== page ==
The Beerman

Posted on Jul 28 , 2017 in Cheers

Tony “The Beerman” Knipling boosted our craft, one beer and one conversation at a time

If you have ever hoisted a better beer in Western Pennsylvania you have a few hidden heroes to thank, and today I will focus on just one of them: Tony “The Beerman” Knipling.

While our region’s beer manufacturing roots span over a century, in recent years one man stands out as the Forrest Gump of the craft beer industry in Pittsburgh and throughout our region. I cannot think of one moment in recent times that Tony Knipling was not a part of shaping and advocating for this thriving industry, and it was definitely not thriving when he came into it. In the mid nineties we saw the mini boom and closure of many microbrewery start ups, locally and nationally. Larger regional breweries were also struggling. There were some that would transform, survive and even thrive, and in no small way, was Tony going to let them fail in our eyes if he could help it.

Tony wasn’t a marketing guru, nor was he a polished, Type-A salesman. He didn’t send electronic communications very often, and until fairly recently he didn’t own a smart phone. He did travel with a yellow legal pad, some pamphlets, various posters, a pencil and a Sharpie. He did share a lot of samples and great stories about the folks behind the beverages on all levels. He could tell you in one moment about some guy named Dale brewing in the basement of a 2000 square foot pub in Lyons, Colorado, and about a breweriana collector named Jerry who had to buy an extra house to hold his collection in Deutschtown. He could invite you to a homebrew competition in some far off campground, or tell you about plans for a local brewfest, well before festivals happened every weekend. He would be instrumental in my personal journey into craft. He handed me my first better beer at Amel’s, and I still have a few that we purchased together to cellar far before Bocktown was ever conceived. He eventually introduced me to Dale from Lyons, Colorado, and countless scores of great people in the craft beer industry, from brewers to owners, to his friends and coworkers. He wasn’t selling beer in the most efficient way, but in that way that made you a disciple of the brewers themselves, and of the liquid itself. That happened one beer and one conversation at a time. He made us think about the beer that we were drinking and that was the difference.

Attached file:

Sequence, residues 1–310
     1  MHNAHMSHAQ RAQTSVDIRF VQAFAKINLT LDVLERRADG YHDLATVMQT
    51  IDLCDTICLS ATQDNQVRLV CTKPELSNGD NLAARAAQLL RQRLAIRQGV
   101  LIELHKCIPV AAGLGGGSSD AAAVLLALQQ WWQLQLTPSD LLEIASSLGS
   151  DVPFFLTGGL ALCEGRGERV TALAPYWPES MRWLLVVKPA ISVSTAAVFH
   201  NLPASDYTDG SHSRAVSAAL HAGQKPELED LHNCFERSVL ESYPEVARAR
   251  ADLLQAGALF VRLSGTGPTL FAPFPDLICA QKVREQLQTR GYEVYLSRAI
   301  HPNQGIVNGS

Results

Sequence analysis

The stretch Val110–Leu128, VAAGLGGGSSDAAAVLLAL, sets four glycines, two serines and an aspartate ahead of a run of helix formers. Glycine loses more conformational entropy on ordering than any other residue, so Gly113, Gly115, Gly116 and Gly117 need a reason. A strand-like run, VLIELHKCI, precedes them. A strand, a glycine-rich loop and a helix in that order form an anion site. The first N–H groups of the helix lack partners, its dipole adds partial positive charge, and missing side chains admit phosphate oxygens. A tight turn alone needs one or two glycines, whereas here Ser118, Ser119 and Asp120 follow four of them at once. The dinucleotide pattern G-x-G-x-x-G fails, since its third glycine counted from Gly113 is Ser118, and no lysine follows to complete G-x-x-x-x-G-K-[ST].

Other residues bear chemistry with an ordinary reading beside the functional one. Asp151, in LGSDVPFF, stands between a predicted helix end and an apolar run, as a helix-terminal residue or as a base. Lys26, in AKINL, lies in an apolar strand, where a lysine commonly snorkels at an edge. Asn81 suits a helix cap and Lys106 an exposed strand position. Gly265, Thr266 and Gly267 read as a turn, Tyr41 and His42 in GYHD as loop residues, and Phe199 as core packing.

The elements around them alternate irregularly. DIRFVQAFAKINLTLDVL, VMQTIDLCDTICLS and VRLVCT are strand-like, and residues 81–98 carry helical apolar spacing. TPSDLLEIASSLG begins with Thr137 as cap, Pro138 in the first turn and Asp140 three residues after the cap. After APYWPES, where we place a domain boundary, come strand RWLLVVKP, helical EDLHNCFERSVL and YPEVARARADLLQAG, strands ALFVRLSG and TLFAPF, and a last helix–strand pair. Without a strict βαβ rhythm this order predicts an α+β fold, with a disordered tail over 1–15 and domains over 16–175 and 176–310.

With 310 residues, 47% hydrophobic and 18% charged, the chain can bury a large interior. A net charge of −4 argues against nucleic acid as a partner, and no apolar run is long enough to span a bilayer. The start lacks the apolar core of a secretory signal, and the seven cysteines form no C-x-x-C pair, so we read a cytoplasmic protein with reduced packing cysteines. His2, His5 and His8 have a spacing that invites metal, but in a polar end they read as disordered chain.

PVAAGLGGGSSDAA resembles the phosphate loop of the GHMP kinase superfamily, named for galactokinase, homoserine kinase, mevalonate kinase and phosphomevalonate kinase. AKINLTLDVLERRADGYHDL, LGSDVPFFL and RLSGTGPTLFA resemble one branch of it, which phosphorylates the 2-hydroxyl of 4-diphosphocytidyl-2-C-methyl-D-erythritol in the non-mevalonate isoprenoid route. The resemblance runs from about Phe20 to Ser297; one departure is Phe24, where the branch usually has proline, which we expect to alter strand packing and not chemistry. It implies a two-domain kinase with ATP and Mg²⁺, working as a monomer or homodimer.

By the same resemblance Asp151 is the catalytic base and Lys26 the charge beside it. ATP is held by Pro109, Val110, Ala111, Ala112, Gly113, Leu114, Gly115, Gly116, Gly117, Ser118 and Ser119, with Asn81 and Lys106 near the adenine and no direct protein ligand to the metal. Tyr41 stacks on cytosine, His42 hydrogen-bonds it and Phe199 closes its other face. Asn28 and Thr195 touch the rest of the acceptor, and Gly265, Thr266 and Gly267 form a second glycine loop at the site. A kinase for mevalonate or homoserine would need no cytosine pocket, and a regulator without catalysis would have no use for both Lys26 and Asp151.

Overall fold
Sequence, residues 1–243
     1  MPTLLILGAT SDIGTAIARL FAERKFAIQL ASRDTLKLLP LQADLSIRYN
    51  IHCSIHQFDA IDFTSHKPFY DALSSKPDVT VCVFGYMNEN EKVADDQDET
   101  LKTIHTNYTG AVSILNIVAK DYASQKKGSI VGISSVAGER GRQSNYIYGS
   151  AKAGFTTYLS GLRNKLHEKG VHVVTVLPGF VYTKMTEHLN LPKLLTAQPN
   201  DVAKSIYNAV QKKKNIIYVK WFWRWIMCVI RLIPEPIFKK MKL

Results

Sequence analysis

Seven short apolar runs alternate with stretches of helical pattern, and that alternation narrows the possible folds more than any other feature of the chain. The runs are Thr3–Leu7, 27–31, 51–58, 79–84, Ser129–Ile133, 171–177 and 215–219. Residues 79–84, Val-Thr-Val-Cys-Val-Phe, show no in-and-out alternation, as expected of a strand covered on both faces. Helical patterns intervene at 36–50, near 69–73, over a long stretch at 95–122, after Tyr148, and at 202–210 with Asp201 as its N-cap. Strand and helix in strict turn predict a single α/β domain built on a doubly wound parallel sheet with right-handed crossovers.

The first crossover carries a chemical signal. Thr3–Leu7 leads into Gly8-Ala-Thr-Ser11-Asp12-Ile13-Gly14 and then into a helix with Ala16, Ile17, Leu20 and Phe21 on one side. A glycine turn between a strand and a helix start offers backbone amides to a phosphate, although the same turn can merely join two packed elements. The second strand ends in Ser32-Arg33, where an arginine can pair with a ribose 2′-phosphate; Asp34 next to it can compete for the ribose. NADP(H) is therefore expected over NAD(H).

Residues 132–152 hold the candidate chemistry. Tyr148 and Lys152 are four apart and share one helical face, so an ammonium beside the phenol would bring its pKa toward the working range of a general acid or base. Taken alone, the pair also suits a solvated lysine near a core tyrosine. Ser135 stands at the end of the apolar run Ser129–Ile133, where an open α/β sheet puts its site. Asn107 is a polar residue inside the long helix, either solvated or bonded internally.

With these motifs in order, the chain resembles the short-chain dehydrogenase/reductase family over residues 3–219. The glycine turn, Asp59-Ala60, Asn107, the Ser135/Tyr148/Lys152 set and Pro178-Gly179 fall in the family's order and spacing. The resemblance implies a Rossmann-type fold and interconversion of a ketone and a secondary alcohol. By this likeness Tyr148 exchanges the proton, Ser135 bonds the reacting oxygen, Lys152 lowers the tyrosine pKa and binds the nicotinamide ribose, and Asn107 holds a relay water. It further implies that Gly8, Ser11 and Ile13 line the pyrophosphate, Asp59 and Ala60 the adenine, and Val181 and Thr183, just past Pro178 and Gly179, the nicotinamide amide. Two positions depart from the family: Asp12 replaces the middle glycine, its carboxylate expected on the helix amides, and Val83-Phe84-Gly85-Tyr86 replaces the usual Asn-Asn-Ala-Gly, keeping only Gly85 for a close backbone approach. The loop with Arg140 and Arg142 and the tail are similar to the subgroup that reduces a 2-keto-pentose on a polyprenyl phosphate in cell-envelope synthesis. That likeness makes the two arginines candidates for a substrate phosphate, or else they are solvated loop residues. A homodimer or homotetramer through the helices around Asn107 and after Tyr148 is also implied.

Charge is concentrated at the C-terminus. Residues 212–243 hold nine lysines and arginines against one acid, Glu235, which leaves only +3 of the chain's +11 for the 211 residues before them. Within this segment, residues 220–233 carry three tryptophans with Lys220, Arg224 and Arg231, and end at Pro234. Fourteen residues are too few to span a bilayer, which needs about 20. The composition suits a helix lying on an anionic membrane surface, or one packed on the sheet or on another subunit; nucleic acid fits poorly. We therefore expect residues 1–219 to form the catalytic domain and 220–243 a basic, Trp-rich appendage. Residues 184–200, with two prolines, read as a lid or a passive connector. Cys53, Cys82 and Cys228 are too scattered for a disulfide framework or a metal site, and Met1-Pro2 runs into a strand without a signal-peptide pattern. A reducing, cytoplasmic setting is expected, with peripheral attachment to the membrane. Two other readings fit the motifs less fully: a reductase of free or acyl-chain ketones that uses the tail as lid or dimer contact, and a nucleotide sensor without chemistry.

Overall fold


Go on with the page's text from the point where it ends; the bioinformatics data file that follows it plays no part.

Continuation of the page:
It is hard to write these words, not because there is nothing to say, but because there is so very much to say. It is hard to write this, because it is damned near impossible to be succinct about it, as Tony never was succinct, well unless he had something bad to say. He kept those conversations short, and with a quick c’est la vie he would move on. He was a walking encyclopedia of the history about beer itself. He held no particular brewery or style above the others, and he made even the most ardent beer geek or beer purist take a chance on more extreme beers, and yes, even pumpkin beers. He had a way to get a person who doesn’t like beer at all, to find a palatable brew as well.  I think Tony would have written an amazing book about beer, about the business of beer, and about the community of beer. He spoke to the masses in recent years at Craft Beer School with many an honored guest, and he used a radio show, “In the Beer Garden,” as well to tell the story of better beer. I used to think to myself, “I hear Tony talk all the time for free, why would I pay to hear him talk?” Today, I would pay anything to hear him again. I still have questions, and I know he would have very honest, long-winded answers served up with some dry wit, and his smiling eyes peeking above his readers. I will miss him and think of him often. I do hope that he works on craft beer distribution in heaven, not just so there is a diverse selection for when a few of us do arrive, but so he will have the work to do that he loves for eternity.

 

Rest in peace, my friend. — Chris Dilla

Visitation will be Sunday. Remembrance by Bob Batz.